Dodge's Insane Muscle Cars Will Live On, No Matter What the Future Brings

But the Hemi V8-powered "bachelor party" won't last forever, Dodge says.

the dodge charger scat pack widebody is powered by the 392 cubic inch hemi® v 8 engine with the best in class naturally aspirated 485 horsepower mated to the torqueflite 8hp70 eight speed transmission
FCA US LLC

Much as we may not want to face the facts, internal combustion bans, heightened emissions regulations and electric cars are the future. Most manufacturers have been going full bore to convert, but the entity formerly known as Fiat Chrysler has been perhaps the biggest laggard. (Their green strategy has largely revolved around paying billions to pool their vehicles with Tesla in the EPA's eyes.)

The FCA brand that seems to prepping the least for a zero-emissions future would be Dodge, which has kept right on selling high-polluting, Hemi V8-powered, more-or-less-2000s-era muscle cars with the Charger and Challenger (and their SUV equivalent, the Durango). Sooner or later, that'll have to change – but Dodge fans shouldn't fret. The brand has plans to keep the muscle cars alive, albeit in a more modern form.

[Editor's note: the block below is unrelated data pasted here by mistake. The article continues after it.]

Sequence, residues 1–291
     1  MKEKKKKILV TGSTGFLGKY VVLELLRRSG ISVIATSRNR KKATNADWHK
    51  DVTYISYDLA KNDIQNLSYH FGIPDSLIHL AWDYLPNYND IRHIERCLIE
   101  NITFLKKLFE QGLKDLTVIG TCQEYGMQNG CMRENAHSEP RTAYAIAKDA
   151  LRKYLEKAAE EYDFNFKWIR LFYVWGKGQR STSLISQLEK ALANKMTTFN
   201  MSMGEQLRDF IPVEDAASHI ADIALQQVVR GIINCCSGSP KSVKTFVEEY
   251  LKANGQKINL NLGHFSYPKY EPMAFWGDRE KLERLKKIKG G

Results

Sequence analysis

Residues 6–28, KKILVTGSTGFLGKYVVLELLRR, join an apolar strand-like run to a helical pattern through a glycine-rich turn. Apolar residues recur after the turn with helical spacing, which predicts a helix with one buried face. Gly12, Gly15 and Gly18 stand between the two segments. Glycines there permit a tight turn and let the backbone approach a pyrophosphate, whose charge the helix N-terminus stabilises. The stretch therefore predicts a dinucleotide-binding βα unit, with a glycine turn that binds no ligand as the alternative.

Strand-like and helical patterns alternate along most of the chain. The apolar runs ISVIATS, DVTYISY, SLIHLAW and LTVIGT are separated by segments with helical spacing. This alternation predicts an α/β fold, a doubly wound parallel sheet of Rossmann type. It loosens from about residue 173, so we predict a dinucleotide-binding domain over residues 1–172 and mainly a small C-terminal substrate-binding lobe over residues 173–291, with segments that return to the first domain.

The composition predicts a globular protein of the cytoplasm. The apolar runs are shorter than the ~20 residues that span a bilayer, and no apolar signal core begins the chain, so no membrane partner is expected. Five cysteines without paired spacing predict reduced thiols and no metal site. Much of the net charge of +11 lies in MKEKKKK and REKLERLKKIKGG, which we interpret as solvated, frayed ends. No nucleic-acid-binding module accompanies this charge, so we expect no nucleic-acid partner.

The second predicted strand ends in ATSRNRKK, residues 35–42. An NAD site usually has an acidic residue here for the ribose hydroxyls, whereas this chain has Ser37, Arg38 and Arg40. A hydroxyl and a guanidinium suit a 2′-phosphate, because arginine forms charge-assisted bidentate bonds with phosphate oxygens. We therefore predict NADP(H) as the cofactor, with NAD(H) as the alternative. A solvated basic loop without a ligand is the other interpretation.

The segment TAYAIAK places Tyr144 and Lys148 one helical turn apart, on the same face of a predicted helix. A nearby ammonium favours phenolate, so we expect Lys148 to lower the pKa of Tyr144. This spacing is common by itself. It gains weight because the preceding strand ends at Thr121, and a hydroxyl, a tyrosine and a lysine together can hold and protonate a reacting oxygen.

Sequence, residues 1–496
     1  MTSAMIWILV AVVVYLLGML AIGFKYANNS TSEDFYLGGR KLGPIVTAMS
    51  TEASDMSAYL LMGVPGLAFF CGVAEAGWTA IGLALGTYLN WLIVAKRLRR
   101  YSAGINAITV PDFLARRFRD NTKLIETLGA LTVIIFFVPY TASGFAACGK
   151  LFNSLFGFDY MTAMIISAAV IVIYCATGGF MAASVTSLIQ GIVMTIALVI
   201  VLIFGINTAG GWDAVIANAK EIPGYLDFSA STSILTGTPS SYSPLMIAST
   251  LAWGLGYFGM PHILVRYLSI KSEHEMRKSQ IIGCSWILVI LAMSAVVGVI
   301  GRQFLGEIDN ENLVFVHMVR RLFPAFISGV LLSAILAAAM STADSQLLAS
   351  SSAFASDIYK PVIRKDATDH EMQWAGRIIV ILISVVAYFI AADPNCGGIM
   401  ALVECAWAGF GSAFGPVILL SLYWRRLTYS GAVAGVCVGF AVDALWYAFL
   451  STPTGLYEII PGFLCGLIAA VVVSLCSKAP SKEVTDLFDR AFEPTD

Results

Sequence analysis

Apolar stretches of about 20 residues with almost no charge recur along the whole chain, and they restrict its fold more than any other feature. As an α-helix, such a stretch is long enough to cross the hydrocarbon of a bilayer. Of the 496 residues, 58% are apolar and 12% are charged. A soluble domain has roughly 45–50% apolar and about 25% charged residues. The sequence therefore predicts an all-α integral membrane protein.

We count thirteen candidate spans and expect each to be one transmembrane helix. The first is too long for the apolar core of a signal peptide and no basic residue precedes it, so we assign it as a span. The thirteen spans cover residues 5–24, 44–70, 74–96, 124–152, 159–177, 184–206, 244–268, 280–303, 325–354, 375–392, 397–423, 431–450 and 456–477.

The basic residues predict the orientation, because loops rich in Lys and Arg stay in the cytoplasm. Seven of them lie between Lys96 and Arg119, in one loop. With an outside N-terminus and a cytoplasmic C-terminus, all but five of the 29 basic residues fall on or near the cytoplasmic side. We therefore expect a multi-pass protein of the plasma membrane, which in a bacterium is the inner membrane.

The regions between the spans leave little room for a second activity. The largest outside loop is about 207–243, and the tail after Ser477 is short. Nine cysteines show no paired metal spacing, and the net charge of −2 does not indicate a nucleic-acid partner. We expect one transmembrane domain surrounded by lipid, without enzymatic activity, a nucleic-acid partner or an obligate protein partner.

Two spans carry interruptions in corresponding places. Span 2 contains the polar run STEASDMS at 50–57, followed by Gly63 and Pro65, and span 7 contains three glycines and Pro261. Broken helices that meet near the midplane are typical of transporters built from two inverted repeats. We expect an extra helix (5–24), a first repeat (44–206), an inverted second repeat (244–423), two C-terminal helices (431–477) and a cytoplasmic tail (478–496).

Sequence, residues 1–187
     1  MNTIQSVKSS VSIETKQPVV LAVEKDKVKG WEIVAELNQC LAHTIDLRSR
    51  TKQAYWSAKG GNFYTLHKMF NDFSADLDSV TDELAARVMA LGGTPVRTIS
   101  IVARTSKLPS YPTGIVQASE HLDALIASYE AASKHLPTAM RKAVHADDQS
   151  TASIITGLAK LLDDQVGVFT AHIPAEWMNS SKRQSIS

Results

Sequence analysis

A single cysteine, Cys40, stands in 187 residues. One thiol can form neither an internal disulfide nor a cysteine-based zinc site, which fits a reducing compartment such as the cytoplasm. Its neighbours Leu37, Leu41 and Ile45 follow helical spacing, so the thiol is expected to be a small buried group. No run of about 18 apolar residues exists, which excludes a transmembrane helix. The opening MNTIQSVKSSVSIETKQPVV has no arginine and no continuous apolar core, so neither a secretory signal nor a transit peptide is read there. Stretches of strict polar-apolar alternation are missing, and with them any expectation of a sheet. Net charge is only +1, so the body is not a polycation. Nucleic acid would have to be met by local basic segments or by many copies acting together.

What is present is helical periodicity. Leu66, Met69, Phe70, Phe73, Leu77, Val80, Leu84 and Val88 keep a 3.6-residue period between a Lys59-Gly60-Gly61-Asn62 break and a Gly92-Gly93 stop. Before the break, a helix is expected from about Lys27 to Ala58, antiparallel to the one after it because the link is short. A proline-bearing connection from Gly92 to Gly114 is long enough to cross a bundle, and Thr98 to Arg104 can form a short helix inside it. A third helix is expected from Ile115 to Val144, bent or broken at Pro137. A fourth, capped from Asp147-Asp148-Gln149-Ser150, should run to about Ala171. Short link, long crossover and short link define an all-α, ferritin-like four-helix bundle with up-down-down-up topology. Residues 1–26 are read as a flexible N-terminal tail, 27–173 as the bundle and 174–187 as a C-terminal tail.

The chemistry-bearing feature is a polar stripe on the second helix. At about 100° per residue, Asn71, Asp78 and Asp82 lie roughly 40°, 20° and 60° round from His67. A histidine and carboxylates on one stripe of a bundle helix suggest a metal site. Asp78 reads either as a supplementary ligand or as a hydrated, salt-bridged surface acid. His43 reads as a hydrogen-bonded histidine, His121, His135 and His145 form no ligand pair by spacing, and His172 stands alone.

Head of Dodge sales operations Matt McAlear recently told Muscle Cars&Trucks that it acknowledges this is "the last hurrah" (or "bachelor party") for the pure Hemi V8-powered muscle car. Dodge knows "electrification is coming," McAlear said, and will "reinvent the muscle car" — though Dodge does not have a date drawn for that conversion yet.

From a pure performance perspective, manufacturers will be able to improve muscle cars. The current Challenger Hellcat Redeye tops out at 797 horsepower, but potential hybrid and electric muscle cars could top 1,000 horsepower easily — and deliver instant torque from electric motors. Besides, manufacturers already enhance car engine noise; for any EVs, Dodge could replicate the current V8 roar, make them sound like a V12 era Formula 1 car, come up with a new ungodly racket — or give customers the option to choose from all of the above.

That said, much of the appeal of the muscle car is the visceral thrill of the gas engine. People buy (and steal) Chargers and Challengers because they are simple, relatively affordable speed machines. Having the latest and greatest performance technology isn't the point. We've seen new vehicles like the Ford F-150 Lightning and Jeep Wrangler 4xe where electrification, counter to what many anticipated, will enhance the features people enjoy about those cars. But it's hard to see the electrified and electric Chargers and Challengers of the future perform quite the same trick...even if they can accelerate quickly in a straight line so fast as to be painful.

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